A Huge Journey for a Young Company

Written by Robert Hoshowsky

Becoming a parent changes people. In 2017, new father Dustin Bowers thought not only about the immediate needs of his child, but what the world would be like in the future.

A carpenter and builder, Bowers grew up in the construction industry, building houses, running his own companies, managing rental units, “and doing everything from foundation to finish,” he says. Over 20 years of varied experience revealed both the good and the bad of the industry, including the “insane amount of waste” he saw generated during building, vast amounts bound for landfill sites every day.

Believing there had to be a different way—and passionately wishing to leave his family a planet in better shape—Bowers founded PLAEX Building Systems™ to bring to market his concept for a brilliantly simple new building system that would also tackle head-on the overwhelming waste issue dogging the industry.

Cleverly developing his ideas in collaboration with industry leaders, the result is a unique, extremely durable, modular-construction block building system with patents pending, made primarily from recycled waste materials. PLAEX is a low-waste, no-cut system that’s also reusable.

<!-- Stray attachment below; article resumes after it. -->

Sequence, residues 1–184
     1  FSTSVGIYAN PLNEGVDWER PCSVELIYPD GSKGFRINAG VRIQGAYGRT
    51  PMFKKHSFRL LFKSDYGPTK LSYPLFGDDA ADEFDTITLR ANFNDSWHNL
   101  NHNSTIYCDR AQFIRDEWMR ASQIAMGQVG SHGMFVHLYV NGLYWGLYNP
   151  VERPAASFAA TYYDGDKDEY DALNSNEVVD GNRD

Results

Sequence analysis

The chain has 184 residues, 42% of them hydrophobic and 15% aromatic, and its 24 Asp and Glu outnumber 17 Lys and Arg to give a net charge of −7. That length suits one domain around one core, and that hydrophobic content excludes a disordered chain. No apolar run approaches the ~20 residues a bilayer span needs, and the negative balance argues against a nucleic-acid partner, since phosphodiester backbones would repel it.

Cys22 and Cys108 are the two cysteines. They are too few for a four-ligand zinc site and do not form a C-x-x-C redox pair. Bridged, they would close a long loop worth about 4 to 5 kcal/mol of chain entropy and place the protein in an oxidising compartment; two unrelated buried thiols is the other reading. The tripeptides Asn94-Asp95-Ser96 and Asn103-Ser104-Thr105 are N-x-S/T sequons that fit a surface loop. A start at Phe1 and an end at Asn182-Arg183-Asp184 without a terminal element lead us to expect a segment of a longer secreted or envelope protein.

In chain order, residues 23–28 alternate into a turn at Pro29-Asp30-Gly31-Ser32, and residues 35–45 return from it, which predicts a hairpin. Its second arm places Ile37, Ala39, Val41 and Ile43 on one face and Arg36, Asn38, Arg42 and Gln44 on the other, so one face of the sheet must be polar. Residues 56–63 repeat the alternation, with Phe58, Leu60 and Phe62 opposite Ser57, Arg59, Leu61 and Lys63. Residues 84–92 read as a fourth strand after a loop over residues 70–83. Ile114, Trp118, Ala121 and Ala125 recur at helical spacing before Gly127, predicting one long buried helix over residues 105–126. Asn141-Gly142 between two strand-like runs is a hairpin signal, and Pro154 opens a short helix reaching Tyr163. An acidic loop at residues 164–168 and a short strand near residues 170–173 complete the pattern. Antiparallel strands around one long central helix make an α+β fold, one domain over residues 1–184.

“We still struggle to automate the construction industry, largely due to the materials we work with,” says Bowers, who serves as PLAEX’s Chief Executive Officer and Product Developer.

“Construction materials are complex in nature,” he continues. “We didn’t think about automation when we started with all our building codes, setting the standards for how things are built. Now there’s a big push to modernize construction, and so this is what we are doing at PLAEX: we are one of the pieces helping to modernize construction.”

The company’s building systems are manufactured from a composite material known as PLAEXcrete™, which is itself made from over 90 percent recycled waste materials. Utilized in a construction project, PLAEX saves time and money. As interlocking modular bricks, the system does not require cutting or mortar, unlike brick and stone. Since the expertise of a bricklayer is not required, this speeds up the building process, making PLAEX Ideal for retaining walls, foundations, sheds, and other low-rise building projects.

Since PLAEX pieces are interlocking, they can be put together, taken apart, and reassembled, all without expensive tools, mortar, nails, screws, or bolts. As a fully interlocking modular construction system, PLAEX is waste- and mess-free.

PLAEX sources the materials in question directly from producers—mainly in the agricultural and marine industries—and trimmings from manufacturers. If there is a company that has a consistent waste stream that cannot otherwise be recycled due to contamination or impurities, PLAEX can process and use that waste. “That’s the big thing for us,” says Bowers: “being able to address otherwise difficult-to-address markets.”